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Opening up to a closed world: 5 tips from Esther Perel on embracing vibrancy and breaking through fear

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I just booked a ticket from Bangkok to London. I don’t know about you but I feel like I’ve completely forgotten how to travel. And I admit, I am slightly terrified.

I’ve gotten used to where I am, being in one place, confined, and by limiting my movement.

The uncertainty of travel restrictions, the possibility of future looming COVID-19 variants, and the recent tensions that might escalate Russia and Ukraine into war all loom overhead and hold me back from wanting to travel.

But, when I find that I’m afraid to do something, I tend to lean into my fear.

I do this because if I know that if wait, I can easily talk myself out of anything. I do this because it’s easier to stay in a place of comfort, and not take risks.

And I don’t want to live my life from a place of fear.

How can we break through fear?: Lessons from Esther Perel

I think there’s some really good advice about leaning into discomfort and fear from the renowned relationship psychotherapist Esther Perel.

As the child of two Holocaust survivors, growing up amongst a community of refugees in Belgium, she noticed that there seemed to be two types of people that came out of the trauma of war:

Those who survived and those who thrived.

She asked herself, what is the fundamental difference of each mindset?

Why are some people able to regain their lives and live vibrantly and full of passion or eros, while others regain their freedom and continue on life in fear, passively going through it, and clinging to any comfort they can find.

As the world starts to open up again, perhaps you too are experiencing some fear when you are trying to decide what to do next in life, like: where to travel, who to spend time with, or which job to take.

So, I’ve compiled five profound tips from Esther’s writing to share with you if you feel overwhelmed by uncertainty. So that you can feel more vibrant and courageous as you take on your next uncomfortable, new challenge.

Let’s jump right in:

1) Live your glorious life

“The more we trust, the farther we can venture.” – Esther Perel

There’s such a close relationship between excitement and terror.

As I mentioned, I’m excited to go to London but it also raises a feeling of fear. I am invited to go to a publishing conference and celebrate the work that I’ve created over the past eight years.

But then hesitation started to creep in.

What if the borders close again quickly? What if I can’t get back to my current location? Why do I need to go? Isn’t it better just to stay where I am and keep writing?

I started to shift my mindset.

What if instead of thinking of myself as a passive observer at the Book Fair, I instead go as an active participant?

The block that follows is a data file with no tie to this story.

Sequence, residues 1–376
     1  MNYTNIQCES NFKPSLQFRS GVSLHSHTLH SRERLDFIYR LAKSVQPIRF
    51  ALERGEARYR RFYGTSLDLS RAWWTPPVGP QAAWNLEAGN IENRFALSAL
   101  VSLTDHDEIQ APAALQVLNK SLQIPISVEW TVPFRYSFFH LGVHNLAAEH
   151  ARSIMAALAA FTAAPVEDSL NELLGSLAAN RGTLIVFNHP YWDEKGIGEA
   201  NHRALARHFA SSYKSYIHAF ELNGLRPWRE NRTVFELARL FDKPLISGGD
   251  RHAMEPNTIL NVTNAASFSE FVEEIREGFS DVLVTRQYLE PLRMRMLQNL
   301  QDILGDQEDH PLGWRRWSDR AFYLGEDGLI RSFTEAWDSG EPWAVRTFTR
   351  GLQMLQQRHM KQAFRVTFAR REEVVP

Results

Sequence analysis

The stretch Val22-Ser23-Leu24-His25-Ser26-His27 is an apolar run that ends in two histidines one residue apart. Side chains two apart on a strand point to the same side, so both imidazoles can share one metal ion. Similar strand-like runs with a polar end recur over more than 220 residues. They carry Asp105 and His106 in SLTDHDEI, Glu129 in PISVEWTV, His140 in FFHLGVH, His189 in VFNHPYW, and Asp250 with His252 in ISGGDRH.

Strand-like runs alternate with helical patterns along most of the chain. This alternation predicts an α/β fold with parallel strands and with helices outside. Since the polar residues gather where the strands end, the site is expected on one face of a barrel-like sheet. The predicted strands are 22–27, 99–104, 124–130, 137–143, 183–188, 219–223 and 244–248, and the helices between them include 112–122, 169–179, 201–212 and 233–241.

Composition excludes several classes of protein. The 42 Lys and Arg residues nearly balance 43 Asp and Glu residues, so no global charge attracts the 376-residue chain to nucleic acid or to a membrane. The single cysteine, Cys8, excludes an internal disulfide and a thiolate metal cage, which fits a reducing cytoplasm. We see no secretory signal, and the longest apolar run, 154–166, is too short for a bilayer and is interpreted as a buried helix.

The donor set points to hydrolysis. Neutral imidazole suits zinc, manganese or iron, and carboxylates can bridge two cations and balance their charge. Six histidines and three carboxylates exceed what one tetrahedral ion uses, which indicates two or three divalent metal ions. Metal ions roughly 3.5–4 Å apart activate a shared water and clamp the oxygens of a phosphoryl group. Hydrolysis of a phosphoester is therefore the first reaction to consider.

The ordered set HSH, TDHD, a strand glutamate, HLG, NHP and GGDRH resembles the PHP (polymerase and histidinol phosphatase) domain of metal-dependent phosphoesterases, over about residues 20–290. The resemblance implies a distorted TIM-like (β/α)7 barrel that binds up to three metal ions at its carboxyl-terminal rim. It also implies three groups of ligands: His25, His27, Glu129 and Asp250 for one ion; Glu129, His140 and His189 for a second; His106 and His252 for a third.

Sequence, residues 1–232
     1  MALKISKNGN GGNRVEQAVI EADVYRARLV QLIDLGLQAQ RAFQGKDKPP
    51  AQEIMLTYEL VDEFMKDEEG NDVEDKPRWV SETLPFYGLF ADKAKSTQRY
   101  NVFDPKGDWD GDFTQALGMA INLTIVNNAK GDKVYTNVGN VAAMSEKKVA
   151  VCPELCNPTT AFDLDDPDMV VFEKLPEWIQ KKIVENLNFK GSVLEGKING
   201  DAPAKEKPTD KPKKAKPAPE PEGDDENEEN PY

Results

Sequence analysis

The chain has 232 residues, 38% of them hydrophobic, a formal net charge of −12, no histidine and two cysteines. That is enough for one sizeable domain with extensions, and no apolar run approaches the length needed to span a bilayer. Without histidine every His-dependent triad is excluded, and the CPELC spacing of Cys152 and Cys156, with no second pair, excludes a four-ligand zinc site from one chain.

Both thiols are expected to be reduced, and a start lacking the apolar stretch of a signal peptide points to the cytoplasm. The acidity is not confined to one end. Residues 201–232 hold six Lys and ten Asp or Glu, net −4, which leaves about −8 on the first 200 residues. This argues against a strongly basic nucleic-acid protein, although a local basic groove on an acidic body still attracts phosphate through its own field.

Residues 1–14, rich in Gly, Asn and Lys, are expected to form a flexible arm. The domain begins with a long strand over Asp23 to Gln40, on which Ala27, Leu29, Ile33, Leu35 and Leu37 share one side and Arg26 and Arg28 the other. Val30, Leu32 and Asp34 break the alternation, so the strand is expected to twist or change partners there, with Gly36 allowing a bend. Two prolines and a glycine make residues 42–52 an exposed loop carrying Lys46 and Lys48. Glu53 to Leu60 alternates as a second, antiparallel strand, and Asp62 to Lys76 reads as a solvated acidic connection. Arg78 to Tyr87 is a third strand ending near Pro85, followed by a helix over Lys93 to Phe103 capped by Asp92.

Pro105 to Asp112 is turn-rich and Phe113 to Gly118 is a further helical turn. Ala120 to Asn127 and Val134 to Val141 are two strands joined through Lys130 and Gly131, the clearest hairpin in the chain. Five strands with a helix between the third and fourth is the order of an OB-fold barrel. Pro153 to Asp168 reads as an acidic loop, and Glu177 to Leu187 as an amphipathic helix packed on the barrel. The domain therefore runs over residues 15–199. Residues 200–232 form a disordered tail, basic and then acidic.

I trusted that I am making the right decision.

I started to imagine what I would wear, what my business cards and portfolio will look like, who I will meet, the discussions I’d like to experience, what my latest book will look like printed and ready in hand, and actively attending the workshops and fully engaging with the opportunity.

Then this journey started to feel worth it. Like it’s a wonderful adventure opening up in front of me.

So I’d like to ask you: How do you live your life?

Esther reminds us that with a deep sense of trust in our ability to judge and act, we can transform how we experience life.

Are you trusting your decisions? And pushing into new realms? And seeing what experiences will pour out of them.

Or are you letting it pass you by and responding to it?

Where do you place your trust? And how are you living your life?

2) Be liquid

“Modern relationships are cauldrons of contradictory longings: safety and excitement, grounding and transcendence, the comfort of love and the heat of passion We want it all, and we want it with one person.” – Esther Perel

Are you placing all your hopes and dreams on one person who may be in your life or someone that you are dreaming of?

Sometimes when we are in close relationships or even deeply hope for one, we can hold ourselves back from taking on new experiences in life.

Yet, the more we embrace opportunities and challenges that fuel our sense of confidence and courage, the better we are to handle the dynamic nature of our relationships.

The more confidence we build facing life unabashed, the more attractive we become.

Bravely adapting to new experiences pulls people towards us, not away.

The more we embrace life, the more compelling and magnetic we become to others.

I realized to make to travel to another country on a one-way ticket, for me means I also don’t know exactly when I’m coming back to my current location. I quickly have to downsize my life to a carry-on piece of luggage and 30 kg of checked baggage.

It feels daunting and easier to stay where I am. But I also see this ability to pack and go as ultimate freedom.

Travel light in life, change, adapt, move and stay liquid. It’s one way that you can set your passion on fire.

Sometimes the change is made quickly for us and it’s out of our hands. Perhaps we have to flee conflict, global circumstances change, or people leave us. But how we adapt and respond is in our control.

Are you able to let go of the things you hold close and open up to change and new possibilities?

Can you transcend your sense of safety to embrace excitement?

The difference between a playful adventure and a logistical nightmare can be switched by your mindset. But this comes with building inner confidence.

3) Be vulnerable

“The quality of your life ultimately depends on the quality of your relationships.” – Esther Perel

One way to live life more vibrantly is to learn how to open up to others and be vulnerable.

So much of our happiness can be how we connect with others.

Additionally, when we invite our partners to open up to us, we also have to respect their freedom of choice.

When we ask them “will you join me?” or “will you please share what’s on your mind?” they may say “yes”, “no”, or “maybe another time”.

How they respond has a lot to do with how we invite them. And it’s ok for someone to not want to open up and vice versa. There’s a fine line between healthy and toxic relationships.

Esther goes on to explain:

“When the impulse to share becomes obligatory, when personal boundaries are no longer respected, when only the shared space of togetherness is acknowledged and private space is denied, fusion replaces intimacy and possession co-opts love.”